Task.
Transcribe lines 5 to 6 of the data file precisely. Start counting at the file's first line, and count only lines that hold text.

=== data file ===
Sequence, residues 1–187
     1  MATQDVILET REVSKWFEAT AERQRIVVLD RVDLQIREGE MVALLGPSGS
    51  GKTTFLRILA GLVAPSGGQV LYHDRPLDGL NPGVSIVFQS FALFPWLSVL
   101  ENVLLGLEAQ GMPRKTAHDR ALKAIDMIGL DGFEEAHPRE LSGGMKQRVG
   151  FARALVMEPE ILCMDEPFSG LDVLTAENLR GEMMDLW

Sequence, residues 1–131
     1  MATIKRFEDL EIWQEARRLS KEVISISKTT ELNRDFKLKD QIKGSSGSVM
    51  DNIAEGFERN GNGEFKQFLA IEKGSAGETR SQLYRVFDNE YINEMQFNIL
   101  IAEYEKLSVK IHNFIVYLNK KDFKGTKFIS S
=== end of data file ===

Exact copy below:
   151  FARALVMEPE ILCMDEPFSG LDVLTAENLR GEMMDLW

Sequence, residues 1–131